If you're going to use all that beautiful fabric, you need to know what you have and what you're going to make. It's time to see what you have and pick some great projects to plow through some serious yardage!
PS This post is part of the Summer Stash Busting Event-- Welcome! Be sure to check out the original post to see the full lineup of content here.
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Organizing Your Fabric
If you have a very large stash, you might mostly have a SPACE problem. If this is the case, organize your favorites onto your shelves and into your drawers first. If you come across things you don't like any more, set them aside for possible destashing later. But, if you know you have enough room, but everything just feels piled up and ready to fall over, use these two key questions to get a handle on and reorganize your yardage.
- Decide how you want to sort your fabrics: In rainbow order? By collection? By length? Some combination? My stash is pretty small, so I keep mostly solids on the top shelf, random prints all jumbled up in the middle, and I mostly sort by designer on the bottom shelf.
- How do want to "contain" your fabric? I buy mostly fat quarters, so they come pre-folded, and I simply toss them on the shelf. The biggest thing for me is that I like to SEE everything so I know what I have. This is part of why I keep my stash more limited than many quilters. My friend Michelle at MeeshQuilts does a beautiful job folding fabric and keeps her neatly on bookcases (see a video of her darling stash and great folding technique here). Other quilters, like Lynn Rinehart from The Stitch TV Show, use comic book backing boards to wrap their fabrics. Still other quilters use bins or drawers instead of shelves.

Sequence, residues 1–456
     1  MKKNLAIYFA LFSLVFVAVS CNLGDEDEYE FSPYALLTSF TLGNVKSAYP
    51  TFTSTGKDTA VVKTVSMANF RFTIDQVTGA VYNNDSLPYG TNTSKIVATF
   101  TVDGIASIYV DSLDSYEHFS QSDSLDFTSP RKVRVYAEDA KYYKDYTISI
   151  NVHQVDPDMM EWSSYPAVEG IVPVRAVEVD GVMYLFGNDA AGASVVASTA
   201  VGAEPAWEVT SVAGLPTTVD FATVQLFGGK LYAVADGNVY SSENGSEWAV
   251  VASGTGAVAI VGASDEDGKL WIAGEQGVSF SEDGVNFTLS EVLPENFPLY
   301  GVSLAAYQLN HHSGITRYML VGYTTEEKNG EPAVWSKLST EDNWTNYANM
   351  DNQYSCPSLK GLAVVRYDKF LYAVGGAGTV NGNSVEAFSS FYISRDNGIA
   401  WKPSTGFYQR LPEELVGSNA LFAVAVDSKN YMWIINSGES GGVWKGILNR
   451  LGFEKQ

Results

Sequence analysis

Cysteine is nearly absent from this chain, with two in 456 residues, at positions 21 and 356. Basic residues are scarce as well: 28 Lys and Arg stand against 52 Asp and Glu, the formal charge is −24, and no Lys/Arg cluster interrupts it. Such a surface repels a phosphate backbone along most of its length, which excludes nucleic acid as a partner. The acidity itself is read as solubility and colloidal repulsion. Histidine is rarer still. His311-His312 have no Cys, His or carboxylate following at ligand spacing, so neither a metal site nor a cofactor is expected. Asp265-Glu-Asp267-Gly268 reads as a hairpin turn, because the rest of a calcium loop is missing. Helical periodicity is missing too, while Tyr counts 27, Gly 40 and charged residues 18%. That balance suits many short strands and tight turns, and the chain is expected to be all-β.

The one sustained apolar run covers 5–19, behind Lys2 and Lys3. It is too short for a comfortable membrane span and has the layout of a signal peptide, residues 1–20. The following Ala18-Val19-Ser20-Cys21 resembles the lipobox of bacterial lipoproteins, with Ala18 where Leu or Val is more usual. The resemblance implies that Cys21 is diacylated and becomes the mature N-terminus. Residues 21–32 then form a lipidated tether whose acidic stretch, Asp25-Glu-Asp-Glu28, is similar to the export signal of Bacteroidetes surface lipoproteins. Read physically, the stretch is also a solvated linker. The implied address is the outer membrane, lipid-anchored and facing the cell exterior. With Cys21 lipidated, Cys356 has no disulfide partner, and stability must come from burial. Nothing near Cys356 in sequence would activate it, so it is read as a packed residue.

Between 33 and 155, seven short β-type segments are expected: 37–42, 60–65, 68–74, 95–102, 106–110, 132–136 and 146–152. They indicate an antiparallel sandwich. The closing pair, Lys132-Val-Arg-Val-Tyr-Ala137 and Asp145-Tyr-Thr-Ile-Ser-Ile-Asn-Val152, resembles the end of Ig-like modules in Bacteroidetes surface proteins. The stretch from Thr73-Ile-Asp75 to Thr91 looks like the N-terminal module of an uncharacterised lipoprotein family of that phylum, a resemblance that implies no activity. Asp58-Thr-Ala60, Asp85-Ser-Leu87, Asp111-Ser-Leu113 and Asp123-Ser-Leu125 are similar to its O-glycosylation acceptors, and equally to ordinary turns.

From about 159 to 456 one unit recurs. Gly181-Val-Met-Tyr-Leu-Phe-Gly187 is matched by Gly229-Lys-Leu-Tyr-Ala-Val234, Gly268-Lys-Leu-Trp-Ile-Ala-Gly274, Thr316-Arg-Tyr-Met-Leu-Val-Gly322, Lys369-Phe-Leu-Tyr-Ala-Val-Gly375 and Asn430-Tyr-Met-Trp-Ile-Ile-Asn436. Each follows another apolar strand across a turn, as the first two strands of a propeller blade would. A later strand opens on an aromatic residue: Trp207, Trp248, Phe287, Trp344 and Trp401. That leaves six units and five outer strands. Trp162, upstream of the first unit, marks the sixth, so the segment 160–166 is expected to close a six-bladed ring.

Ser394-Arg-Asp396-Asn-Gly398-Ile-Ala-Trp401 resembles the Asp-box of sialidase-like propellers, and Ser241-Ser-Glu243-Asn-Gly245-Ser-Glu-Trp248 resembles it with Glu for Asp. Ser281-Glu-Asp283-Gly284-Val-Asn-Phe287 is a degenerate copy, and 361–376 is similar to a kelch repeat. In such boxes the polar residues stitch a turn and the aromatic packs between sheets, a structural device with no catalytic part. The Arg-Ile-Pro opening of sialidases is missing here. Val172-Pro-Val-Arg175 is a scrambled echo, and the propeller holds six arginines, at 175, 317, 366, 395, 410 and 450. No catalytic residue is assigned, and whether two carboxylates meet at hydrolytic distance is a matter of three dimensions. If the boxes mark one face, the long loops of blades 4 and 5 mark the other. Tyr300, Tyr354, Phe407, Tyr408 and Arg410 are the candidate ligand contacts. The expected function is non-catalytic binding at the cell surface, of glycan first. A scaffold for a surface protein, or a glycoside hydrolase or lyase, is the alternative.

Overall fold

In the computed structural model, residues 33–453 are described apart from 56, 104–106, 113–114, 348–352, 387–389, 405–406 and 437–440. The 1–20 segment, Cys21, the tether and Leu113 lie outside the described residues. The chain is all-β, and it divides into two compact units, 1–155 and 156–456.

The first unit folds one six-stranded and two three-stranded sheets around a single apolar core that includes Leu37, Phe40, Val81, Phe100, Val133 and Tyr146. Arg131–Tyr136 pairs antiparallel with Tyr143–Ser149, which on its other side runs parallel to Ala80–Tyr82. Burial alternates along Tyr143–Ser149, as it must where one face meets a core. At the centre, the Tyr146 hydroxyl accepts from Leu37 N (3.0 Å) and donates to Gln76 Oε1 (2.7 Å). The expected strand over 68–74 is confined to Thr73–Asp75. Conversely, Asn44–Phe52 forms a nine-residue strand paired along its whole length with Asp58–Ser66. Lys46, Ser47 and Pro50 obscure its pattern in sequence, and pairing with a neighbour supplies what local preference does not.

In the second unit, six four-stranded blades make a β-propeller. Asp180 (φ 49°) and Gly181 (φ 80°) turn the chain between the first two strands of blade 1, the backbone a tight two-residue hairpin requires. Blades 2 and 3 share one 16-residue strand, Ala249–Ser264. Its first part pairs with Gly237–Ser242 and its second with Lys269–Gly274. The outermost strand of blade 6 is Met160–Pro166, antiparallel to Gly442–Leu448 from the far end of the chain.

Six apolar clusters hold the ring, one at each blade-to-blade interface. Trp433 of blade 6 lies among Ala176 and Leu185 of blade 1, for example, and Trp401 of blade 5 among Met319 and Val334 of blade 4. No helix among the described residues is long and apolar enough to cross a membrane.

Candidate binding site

- Read my full post on organizing and storing yardage here
These little buggers multiply when we're not looking, amiright?! Here's some ideas to wrangle scraps based on how you are most likely to use them.
- If you love improv piecing or foundation paper piecing, your scrap storage system might be as simple as bins or baskets sorted by color
- If traditional piecing is more your jam, then the QUEEN of scrap using is Bonnie Hunter of Quiltville. An exhaustive explanation of her fabulous Scrap User's System is available on her blog, and more "bite size" explanation is in the introduction to her wonderful book, Addicted to Scraps.
I tried the "general bins" strategy for a couple of years but didn't seem to ever make any progress on really using my scraps; I just don't do enough scrappy improv or scrappy paper piecing. Now, I'm in the process of migrating to a modified version of Bonnie's Scrap User's System and learning how to use these precut scraps as Leaders and Enders to build units. As Bonnie says, "If you build the units, the quilts will come!" As of now, I am cutting 1.5, 2, 2.5, 3, and 3.5 strips and squares out of each project's scraps as I finish, and I'm in the process of going back and cutting up those bins I've been storing. I'm adding extra shelves to the bookcase in my sewing room, so that I can keep scraps laid out neatly on trays (see above), and simply slide out the warm, cool, or neutral tray as needed. Yes, the trays can only hold so many scraps. But, like my three shelves designated for stash, that is part of the point-- I want my storage system to "force" me to use the scraps I've saved and cut. Additionally, I've purchased Bonnie's Essential Triangle Tool, so that strips can easily become triangles for HSTs, etc.